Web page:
Even a spare buck will help, if enough would like to sponsor her.

Writing

Feb. 19th, 2012 06:20 am
sartorias: (Default)
Today's riff is on writers and bad advice.

Yesterday I went up to workshop with the Greater Los Angeles Writers' Organization. What fun that was! There is always a heady energy being around other writers. Everybody gets it. I don't feel like an extra thumb. And so much talent!

Writing

Feb. 19th, 2012 06:20 am
sartorias: (Default)
Today's riff is on writers and bad advice.

Yesterday I went up to workshop with the Greater Los Angeles Writers' Organization. What fun that was! There is always a heady energy being around other writers. Everybody gets it. I don't feel like an extra thumb. And so much talent!
sartorias: (Default)
Narrators, reliable and un.

I didn't actually intend to relate them, but I was asked to write a riff about Megan Whalen Turner, who does some nifty stuff with her narrators, so I'm linking it here.

Discussion welcome at any of these places, and that includes suggestions of books that do cool things with narrators and narration.
sartorias: (Default)
Narrators, reliable and un.

I didn't actually intend to relate them, but I was asked to write a riff about Megan Whalen Turner, who does some nifty stuff with her narrators, so I'm linking it here.

Discussion welcome at any of these places, and that includes suggestions of books that do cool things with narrators and narration.
sartorias: (Default)
Starting off the New Year with a riff about Hilary McKay and feel-good books.

Wishing everyone an excellent 2012.
sartorias: (Default)
Starting off the New Year with a riff about Hilary McKay and feel-good books.

Wishing everyone an excellent 2012.
sartorias: (Exordium)
Deborah J. Ross talks here about several related subjects as Dave and I launch the rewrite (a very significant rewrite) of Ruler of Naught second book in the Exordium series.

I will say more about Ex and writing with Dave tomorrow, when he officially joins Book View Cave, but for now, the thing that made me smile was the spouse's view when their significant person is tied creatively to someone else.

SO many writers I know ended up divorced, not because of the intrusion of another person, but because their spouse felt the writing was an intrusion. It's gotten so that if writer friends find someone special, I kind of hold my breath, hoping they can get over that "So WHY won't you watch TV with me tonight? Can't that stupid book wait? You haven't even sold it!" or "Really? You're going to spend the entire holiday weekend at your computer, when I got these expensive skiiing tickets for you as a surprise? So I'm supposed to go alone, or sit around bored all weekend? Great choice, and what happened to 'marriage is a partnership'?" hump.

Because writing isn't always neatly segmented off as a nine to five job. It can be a 120 hour a week job, or it can be a zero week job, during which the writer mopes and frets, or cat vacuums frantically, driving the spouse nutso yet again.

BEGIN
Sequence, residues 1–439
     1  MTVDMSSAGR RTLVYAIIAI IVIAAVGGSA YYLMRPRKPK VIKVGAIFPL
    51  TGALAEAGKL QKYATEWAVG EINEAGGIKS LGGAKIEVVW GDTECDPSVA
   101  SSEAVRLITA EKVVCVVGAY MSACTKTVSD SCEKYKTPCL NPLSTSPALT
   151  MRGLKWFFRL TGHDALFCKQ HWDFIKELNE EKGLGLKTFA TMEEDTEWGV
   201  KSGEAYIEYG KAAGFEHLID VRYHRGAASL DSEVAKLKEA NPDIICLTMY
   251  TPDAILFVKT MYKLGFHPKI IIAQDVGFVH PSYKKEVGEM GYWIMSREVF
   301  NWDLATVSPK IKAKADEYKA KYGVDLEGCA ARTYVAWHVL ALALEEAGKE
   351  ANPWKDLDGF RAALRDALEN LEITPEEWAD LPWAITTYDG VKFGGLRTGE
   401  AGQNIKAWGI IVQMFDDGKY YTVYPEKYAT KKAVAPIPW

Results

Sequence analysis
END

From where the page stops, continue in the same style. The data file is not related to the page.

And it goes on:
But hooking up with another writer doesn't always work, either--I've known situations where one's success and actively being courted by editors, reviewers, con-runners, fans, yadda, hurt the less successful partner so much that the relationship strained, and broke.

Then there is always the madness of two writers trying to deal with a family, should they choose to have one--how do you cope when you are both on deadline, or possessed by the white fire?

Anyway, visiting Dave and Deborah is an extra special pleasure, because Dave and I can lock ourselves into his study, end up snickering and laughing up a storm, and when we come out, there's Deborah, having happily worked a session on her own stories, and ready to talk process, progress, books, reading, the universe--and when I come home, it's such a pleasure to hear "So how much did you guys get done?" and zero drama.
sartorias: (Exordium)
Deborah J. Ross talks here about several related subjects as Dave and I launch the rewrite (a very significant rewrite) of Ruler of Naught second book in the Exordium series.

I will say more about Ex and writing with Dave tomorrow, when he officially joins Book View Cave, but for now, the thing that made me smile was the spouse's view when their significant person is tied creatively to someone else.

SO many writers I know ended up divorced, not because of the intrusion of another person, but because their spouse felt the writing was an intrusion. It's gotten so that if writer friends find someone special, I kind of hold my breath, hoping they can get over that "So WHY won't you watch TV with me tonight? Can't that stupid book wait? You haven't even sold it!" or "Really? You're going to spend the entire holiday weekend at your computer, when I got these expensive skiiing tickets for you as a surprise? So I'm supposed to go alone, or sit around bored all weekend? Great choice, and what happened to 'marriage is a partnership'?" hump.